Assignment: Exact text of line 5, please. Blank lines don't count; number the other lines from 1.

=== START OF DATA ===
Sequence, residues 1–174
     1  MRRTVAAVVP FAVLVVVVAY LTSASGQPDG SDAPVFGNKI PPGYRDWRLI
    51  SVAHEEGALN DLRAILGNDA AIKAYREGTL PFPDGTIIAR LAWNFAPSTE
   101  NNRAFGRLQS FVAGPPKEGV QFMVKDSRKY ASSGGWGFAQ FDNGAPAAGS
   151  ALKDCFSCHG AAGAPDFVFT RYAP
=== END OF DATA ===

   151  ALKDCFSCHG AAGAPDFVFT RYAP